C. John Schuck Jr.

C. John Schuck Jr., 1962

B.A., Denison University

Citation awarded June, 1982

A stage, screen and TV actor, John Schuck established his credentials as a Broadway star in the role of Daddy Warbucks in the musical “Annie” in 1979.

A love of theater led him to Denison where he appeared in 50 productions as an undergraduate. In the following two decades, he was never out of work as a professional actor. He played romantic leads, serious dramas, comedies, and musicals as well as “bad-mouth meanies” while getting started in television and film.

He spent his first two post-Denison years doing twenty plays at the Cleveland Playhouse, then went to New York for a season. The next two years were at Baltimore’s Center Stage followed by a summer in “The Fantastiks” in Buffalo.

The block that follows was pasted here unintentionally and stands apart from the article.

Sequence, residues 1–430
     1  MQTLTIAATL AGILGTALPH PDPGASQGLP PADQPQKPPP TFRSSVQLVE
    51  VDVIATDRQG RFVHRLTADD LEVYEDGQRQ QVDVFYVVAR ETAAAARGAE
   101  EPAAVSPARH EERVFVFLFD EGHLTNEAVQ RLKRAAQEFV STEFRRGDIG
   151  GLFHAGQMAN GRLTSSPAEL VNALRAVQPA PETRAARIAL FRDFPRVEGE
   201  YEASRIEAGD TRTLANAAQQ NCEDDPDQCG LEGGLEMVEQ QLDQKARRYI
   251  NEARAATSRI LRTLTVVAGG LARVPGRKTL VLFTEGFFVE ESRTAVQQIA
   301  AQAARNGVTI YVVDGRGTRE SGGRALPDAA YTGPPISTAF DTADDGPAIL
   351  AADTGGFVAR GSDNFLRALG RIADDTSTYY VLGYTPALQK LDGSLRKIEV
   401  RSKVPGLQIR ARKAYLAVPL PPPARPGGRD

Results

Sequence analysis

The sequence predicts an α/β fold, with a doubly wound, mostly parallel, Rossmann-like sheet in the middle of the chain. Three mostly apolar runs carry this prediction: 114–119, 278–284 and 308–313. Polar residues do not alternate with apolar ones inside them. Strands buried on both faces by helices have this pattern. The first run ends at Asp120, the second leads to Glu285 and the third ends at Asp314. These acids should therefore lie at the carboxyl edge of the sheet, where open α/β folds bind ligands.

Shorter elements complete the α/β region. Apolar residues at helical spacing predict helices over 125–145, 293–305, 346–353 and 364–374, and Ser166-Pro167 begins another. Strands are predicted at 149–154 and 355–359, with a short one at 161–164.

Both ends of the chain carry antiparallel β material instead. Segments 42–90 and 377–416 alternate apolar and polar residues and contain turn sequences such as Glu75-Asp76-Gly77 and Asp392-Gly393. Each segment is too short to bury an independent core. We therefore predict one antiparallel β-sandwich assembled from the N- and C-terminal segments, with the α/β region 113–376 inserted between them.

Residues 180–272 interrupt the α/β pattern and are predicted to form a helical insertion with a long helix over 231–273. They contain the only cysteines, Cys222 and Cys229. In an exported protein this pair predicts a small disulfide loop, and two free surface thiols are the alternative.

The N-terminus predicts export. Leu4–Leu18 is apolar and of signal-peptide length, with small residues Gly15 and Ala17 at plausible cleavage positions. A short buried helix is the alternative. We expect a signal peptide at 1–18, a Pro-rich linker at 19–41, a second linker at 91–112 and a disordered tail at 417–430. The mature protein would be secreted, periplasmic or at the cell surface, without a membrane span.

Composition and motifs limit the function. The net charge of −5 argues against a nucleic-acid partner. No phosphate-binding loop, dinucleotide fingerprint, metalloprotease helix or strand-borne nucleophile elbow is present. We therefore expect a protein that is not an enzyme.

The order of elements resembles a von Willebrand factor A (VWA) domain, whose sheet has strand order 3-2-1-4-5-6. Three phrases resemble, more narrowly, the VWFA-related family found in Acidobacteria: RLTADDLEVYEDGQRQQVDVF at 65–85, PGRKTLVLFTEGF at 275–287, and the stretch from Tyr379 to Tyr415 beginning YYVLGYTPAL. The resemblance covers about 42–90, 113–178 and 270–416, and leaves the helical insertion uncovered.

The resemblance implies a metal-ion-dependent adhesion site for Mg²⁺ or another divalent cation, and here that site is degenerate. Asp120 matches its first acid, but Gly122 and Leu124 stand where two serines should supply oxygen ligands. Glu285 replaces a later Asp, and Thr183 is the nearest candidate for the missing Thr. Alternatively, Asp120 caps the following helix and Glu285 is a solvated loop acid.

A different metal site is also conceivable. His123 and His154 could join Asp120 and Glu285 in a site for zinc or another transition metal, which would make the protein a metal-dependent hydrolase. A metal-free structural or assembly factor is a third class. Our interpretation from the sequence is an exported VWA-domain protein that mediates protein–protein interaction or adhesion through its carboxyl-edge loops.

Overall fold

Drawn to repertory theater, John joined San Francisco’s widely-respected drama group ACT for five years. There Robert Altman spotted him in Jules Feiffer’s “Little Murders” and immediately cast him as Walt Waldowski, the dentist Painless, in Johns’s first feature film, “M*A*S*H.” Other Altman films in which he appeared were “Thieves Like Us,” “McCabe and Mrs. Miller” and “Brewster McCloud.” The film, “Hammersmith is Out,” afforded him his first love scene, played memorably with Elizabeth Taylor. Such respected critics as Pauline Kael likened him to Humphrey Bogart for his performance as the deranged gang member in “Thieves Like Us.”

In 1971, John began his role as Sergeant Enright in the NBC-TV mystery movie series, “McMillan and Wife,” co-starring as Rock Hudson’s overzealous, but highly likable, assistant.

Two more sitcom TV series, “Holmes & Yoyo,” in which he was a robot cop, and “Turnabout,” which cast him as a role-reversed husband, led Schuck to change his direction. He did several stage musicals which led to his Broadway debut July 9, 1979, in “Annie.” He has won wide critical acclaim for the role he played as the crusty old billionaire who falls for the red-haired orphan.